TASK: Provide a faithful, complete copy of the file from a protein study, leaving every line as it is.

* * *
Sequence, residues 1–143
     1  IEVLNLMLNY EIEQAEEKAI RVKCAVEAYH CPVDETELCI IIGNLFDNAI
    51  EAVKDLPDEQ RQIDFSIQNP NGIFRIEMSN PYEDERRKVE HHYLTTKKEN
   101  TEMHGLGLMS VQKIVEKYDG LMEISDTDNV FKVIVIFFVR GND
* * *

Sequence, residues 1–143
     1  IEVLNLMLNY EIEQAEEKAI RVKCAVEAYH CPVDETELCI IIGNLFDNAI
    51  EAVKDLPDEQ RQIDFSIQNP NGIFRIEMSN PYEDERRKVE HHYLTTKKEN
   101  TEMHGLGLMS VQKIVEKYDG LMEISDTDNV FKVIVIFFVR GND